Rummanah Aasi
 Sherlock Holmes is back in pop culture, but for many he never left. While anxiously waiting for the new season premiere of the BBC Sherlock, I needed to get my sleuth fix. There are many series and books that feature Sherlock Holmes, but the Mary Russell and Sherlock Holmes series are highly recommended and are well written. I read the first book, The Beekeeper's Apprentice, which I really enjoyed and wanted to get back to this series. Note: If you are a Sherlockian purist, you may have issues with this series but I still think it's worth checking out.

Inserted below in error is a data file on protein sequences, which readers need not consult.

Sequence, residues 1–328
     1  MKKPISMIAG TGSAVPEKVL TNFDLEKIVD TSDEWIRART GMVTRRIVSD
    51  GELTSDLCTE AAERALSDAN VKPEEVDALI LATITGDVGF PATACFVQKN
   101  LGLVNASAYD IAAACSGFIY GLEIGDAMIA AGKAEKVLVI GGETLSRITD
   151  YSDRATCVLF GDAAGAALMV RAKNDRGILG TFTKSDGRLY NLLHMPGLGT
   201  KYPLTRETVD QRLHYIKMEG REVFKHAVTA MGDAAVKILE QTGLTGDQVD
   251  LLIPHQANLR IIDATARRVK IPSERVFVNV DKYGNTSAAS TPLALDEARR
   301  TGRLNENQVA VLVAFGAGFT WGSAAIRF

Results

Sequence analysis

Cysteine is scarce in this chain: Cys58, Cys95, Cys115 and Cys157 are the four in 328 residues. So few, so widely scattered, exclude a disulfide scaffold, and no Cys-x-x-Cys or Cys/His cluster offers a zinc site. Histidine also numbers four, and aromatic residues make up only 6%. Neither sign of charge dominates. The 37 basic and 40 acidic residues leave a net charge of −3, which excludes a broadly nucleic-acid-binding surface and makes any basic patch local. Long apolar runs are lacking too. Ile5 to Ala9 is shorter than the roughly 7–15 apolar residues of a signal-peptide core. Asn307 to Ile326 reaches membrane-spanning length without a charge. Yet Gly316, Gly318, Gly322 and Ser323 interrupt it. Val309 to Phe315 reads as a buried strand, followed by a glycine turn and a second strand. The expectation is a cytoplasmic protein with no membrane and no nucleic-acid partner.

Description: Looking for respite in London after a stupefying visit from relatives, Mary encounters a friend from Oxford. The young woman introduces Mary to her current enthusiasm, a strange and enigmatic woman named Margery Childe, who leads something called "The New Temple of God." It seems to be a charismatic sect involved in the post-World War I suffrage movement, with a feminist slant on Christianity. Mary is curious about the woman, and intrigued. Is the New Temple a front for something more sinister? When a series of murders claims members of the movement's wealthy young female volunteers and principal contributors, Mary, with Holmes in the background, begins to investigate. Things become more desperate than either of them expected as Mary's search plunges her into the worst danger she has yet faced.